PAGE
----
There exists a body of Hollywood films made in 1932-33 — a narrow window just before and after Franklin Roosevelt's election — that reflected the deep despair of the American people confronted with corruption at all political levels, and their temptation to take matters into their own hands. This type of populist vigilante film never happened again.
In MGM's wonderful The Beast of the City (directed by Charles Brabin, from a W.R. Burnett script), Irish police captain Walter Huston had to shoot it out with the mob in a speakeasy kamikaze finale worthy of The Wild Bunch. Gregory La Cava's political fable Gabriel Over the White House showed a corrupt Washington being swept out by the big broom of the same Huston, a suddenly awakened president, but the film had fascist overtones betraying the fascination Mussolini exercised over Hollywood's weaker minds. Even an indie programmer like Charles E. Roberts' Corruption (with Preston Foster as a district attorney) reflected the same public sentiments: that no matter what the police or the press did, judges, mayors or DA's were in the pocket of the racketeers, and that something had to be done about it, even if that something was against the law.
Tonight's rare double bill at the Egyptian shows two sides of the same coin. Tay Garnett's entertaining pre-Code Okay, America! starts as comedy and abruptly pulls the rug out from under us. Lew Ayres plays ace newspaperman Larry Wayne, clearly based on Walter Winchell, notorious for exposing high society's extramarital peccadilloes in his columns. Shown at first as nothing but a smart-ass scandal monger, Wayne slowly surprises us when he is able to use his contacts with the mob to intervene in a kidnapping case. Edward Arnold is delightful as the supine, Dickens-addled head mobster, and the ending of the film is quite shocking. Playwright William Anthony McGuire wrote the cracking dialogue of this Universal gem.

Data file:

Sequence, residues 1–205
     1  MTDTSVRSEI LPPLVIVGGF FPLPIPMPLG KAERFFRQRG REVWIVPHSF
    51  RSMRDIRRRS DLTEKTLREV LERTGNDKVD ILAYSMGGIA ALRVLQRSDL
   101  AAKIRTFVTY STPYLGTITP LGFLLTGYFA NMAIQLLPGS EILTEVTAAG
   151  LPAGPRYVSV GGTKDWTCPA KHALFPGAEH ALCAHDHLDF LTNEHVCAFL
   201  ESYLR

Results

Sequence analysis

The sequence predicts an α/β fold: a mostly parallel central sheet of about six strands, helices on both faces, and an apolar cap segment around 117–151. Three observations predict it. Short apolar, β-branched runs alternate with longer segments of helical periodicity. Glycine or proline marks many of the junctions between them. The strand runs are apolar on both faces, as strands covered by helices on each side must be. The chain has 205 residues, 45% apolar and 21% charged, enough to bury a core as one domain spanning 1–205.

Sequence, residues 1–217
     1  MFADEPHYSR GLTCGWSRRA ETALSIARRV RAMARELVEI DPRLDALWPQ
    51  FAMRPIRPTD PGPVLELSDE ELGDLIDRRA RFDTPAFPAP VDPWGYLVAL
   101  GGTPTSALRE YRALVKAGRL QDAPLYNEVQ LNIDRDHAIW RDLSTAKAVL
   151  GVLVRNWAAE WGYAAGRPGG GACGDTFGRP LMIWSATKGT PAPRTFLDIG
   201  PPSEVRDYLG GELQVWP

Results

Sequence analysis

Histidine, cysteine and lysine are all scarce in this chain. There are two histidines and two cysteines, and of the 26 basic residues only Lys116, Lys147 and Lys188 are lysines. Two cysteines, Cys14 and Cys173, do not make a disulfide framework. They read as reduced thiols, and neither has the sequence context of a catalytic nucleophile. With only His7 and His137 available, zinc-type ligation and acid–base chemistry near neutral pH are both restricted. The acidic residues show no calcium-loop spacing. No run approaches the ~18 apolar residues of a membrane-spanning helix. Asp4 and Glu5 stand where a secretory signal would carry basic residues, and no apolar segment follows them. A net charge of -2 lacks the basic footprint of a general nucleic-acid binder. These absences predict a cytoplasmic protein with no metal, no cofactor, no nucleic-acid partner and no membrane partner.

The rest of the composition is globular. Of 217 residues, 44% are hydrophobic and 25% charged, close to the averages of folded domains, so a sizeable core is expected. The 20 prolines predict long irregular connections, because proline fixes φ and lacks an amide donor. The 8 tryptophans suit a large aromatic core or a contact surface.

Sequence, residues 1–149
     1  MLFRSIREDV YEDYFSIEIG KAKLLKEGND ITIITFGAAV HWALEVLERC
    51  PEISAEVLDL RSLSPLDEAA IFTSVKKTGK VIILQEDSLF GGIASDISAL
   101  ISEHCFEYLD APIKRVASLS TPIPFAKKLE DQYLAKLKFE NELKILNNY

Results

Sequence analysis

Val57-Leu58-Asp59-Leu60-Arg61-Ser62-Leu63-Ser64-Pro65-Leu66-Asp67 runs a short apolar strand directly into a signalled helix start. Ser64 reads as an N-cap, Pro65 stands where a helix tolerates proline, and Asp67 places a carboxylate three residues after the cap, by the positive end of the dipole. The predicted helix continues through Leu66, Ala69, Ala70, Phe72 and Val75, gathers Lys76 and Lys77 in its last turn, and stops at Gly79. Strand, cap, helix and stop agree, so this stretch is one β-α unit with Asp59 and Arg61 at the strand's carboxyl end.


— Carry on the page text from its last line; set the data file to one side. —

Produced, like Okay, America!, by the unjustly reviled Carl Laemmle Jr. at Universal, Edward Cahn's Afraid to Talk is based on an early play by Albert Maltz and George Sklar. The film does not quite walk the talk of its original material, copping out with a happy ending. But as a political La Ronde (Merry-Go-Round was the original title), this is as hard-hitting as anything by early W.R. Burnett. When a bellhop witnesses a mob killing that could embarrass local politicos, smarmy assistant DA Louis Calhern has him railroaded for the murder. Eric Linden (the bellhop) may be a liability to any movie, but the rogue's gallery is impressive and effective: Besides Calhern, Arnold, Robert Warwick and Berton Churchill (as the mayor), all writhe in a craven, unholy alliance one rarely sees on-screen, even in Capra movies.
NOIR CITY: OKAY, AMERICA! AND AFRAID TO TALK | Thurs., May 3, 7:30 p.m. | American Cinematheque at the Egyptian Theatre | americancinematheque.com
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